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GERMAN 77mm ARTILLERY SHELL CASING TRENCH ART VASE COMMEMORATING 1917 BATTLE OF CHAMPAGNE

SKU: 10-835

$140.00

This is a German 75mm artillery piece shell casing that has been converted to a trench art vase. The German “7.7 cm Feldkanone 96 neuer Art.” (New Kind of 7.7 cm Field Cannon 96). Trench art was created by soldiers from all WW I’s armies, when they had extra time on their hands in the trenches between battles. They took bits and pieces of gear and fashioned them into artistic objects. Some common examples were belt buckles converted into match safes, as well as jewelry and letter openers fashioned from shrapnel shards. These often-bored soldiers showed amazing creativity. A great deal of trench art also was created in hospitals as therapy for soldiers recovering from mild to severe wounds.
The 77mm Field Cannon was the German mobile artillery’s mainstay during the entire war. The field piece was hitched to a caisson and rapidly drawn by horses to new locations. Each gun’s crew consisted of five men. The cannon was capable of firing ten rounds each minute. Its shell casing is made of brass. It stands 8″ tall and measures 3″ in diameter at the base. Its bottom sports numerous munitions works’ marks. “Champagne” is engraved on the casing and extends around most of the front, sides, and back. This represents the THIRD Battle of Champagne, which took place from 17-20 April 1917. The IV. Armee, consisting of the VIII. , XVII., and XII. Armeekorps, was the primary German force facing the French. A shield displaying the initials of the soldier who produced the piece also appears on the shell casing. The entire background is stippled in a size that is much larger than what we normally see. It is an outstanding example of a trench art vase.

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Description

This is a German 75mm artillery piece shell casing that has been converted to a trench art vase. The German “7.7 cm Feldkanone 96 neuer Art.” (New Kind of 7.7 cm Field Cannon 96). Trench art was created by soldiers from all WW I’s armies, when they had extra time on their hands in the trenches between battles. They took bits and pieces of gear and fashioned them into artistic objects. Some common examples were belt buckles converted into match safes, as well as jewelry and letter openers fashioned from shrapnel shards. These often-bored soldiers showed amazing creativity. A great deal of trench art also was created in hospitals as therapy for soldiers recovering from mild to severe wounds.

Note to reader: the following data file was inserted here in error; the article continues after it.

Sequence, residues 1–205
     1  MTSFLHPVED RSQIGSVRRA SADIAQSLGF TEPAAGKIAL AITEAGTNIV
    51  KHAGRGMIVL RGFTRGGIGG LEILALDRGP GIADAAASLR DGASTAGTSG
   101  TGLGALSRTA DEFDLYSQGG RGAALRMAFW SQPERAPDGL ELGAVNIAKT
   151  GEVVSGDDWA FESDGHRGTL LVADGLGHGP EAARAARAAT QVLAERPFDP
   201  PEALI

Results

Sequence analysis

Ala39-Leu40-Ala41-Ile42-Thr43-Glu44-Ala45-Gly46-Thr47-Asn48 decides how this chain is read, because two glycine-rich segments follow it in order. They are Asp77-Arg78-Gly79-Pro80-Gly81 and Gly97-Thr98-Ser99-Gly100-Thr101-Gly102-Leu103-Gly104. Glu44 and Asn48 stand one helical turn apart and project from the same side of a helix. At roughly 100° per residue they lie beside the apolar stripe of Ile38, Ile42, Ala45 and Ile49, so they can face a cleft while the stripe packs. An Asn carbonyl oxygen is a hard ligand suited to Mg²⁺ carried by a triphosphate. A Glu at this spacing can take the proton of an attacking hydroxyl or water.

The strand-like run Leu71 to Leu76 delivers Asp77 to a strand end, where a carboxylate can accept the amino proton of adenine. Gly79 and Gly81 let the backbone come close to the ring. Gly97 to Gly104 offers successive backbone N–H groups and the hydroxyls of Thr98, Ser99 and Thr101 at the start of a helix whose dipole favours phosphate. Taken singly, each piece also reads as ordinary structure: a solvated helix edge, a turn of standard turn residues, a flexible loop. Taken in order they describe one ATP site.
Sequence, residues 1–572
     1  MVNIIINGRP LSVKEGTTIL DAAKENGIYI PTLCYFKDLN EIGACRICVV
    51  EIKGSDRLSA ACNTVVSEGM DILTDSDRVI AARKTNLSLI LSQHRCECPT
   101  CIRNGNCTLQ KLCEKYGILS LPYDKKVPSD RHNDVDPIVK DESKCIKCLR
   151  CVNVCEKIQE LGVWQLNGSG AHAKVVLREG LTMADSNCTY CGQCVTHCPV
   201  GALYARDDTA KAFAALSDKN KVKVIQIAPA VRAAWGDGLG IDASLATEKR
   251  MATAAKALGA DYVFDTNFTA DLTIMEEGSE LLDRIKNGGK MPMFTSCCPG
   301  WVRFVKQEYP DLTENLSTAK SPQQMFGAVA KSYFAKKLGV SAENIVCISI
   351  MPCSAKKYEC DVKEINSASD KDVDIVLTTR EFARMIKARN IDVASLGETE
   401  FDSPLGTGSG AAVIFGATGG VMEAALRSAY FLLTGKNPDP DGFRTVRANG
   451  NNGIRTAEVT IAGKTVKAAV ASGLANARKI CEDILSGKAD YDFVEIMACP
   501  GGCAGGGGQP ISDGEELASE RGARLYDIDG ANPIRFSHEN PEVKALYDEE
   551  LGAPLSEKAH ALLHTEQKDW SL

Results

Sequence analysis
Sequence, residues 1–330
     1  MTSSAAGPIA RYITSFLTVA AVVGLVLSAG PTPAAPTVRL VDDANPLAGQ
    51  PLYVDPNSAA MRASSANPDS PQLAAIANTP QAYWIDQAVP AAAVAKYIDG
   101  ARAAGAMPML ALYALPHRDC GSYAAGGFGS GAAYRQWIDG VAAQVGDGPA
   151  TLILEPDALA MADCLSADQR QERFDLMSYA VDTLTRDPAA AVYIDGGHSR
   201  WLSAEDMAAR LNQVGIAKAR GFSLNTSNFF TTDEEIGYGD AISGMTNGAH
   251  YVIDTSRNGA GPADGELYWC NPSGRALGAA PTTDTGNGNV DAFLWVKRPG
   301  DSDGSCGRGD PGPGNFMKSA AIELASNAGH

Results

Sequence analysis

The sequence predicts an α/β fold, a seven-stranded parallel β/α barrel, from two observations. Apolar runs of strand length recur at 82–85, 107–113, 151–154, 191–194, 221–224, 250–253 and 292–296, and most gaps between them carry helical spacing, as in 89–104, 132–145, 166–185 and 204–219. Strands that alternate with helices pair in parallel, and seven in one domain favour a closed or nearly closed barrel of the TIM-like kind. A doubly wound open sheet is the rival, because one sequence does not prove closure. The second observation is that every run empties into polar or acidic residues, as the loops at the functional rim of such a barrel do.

The 77mm Field Cannon was the German mobile artillery’s mainstay during the entire war. The field piece was hitched to a caisson and rapidly drawn by horses to new locations. Each gun’s crew consisted of five men. The cannon was capable of firing ten rounds each minute. Its shell casing is made of brass. It stands 8″ tall and measures 3″ in diameter at the base. Its bottom sports numerous munitions works’ marks. “Champagne” is engraved on the casing and extends around most of the front, sides, and back. This represents the THIRD Battle of Champagne, which took place from 17-20 April 1917. The IV. Armee, consisting of the VIII. , XVII., and XII. Armeekorps, was the primary German force facing the French. A shield displaying the initials of the soldier who produced the piece also appears on the shell casing. The entire background is stippled in a size that is much larger than what we normally see. It is an outstanding example of a trench art vase.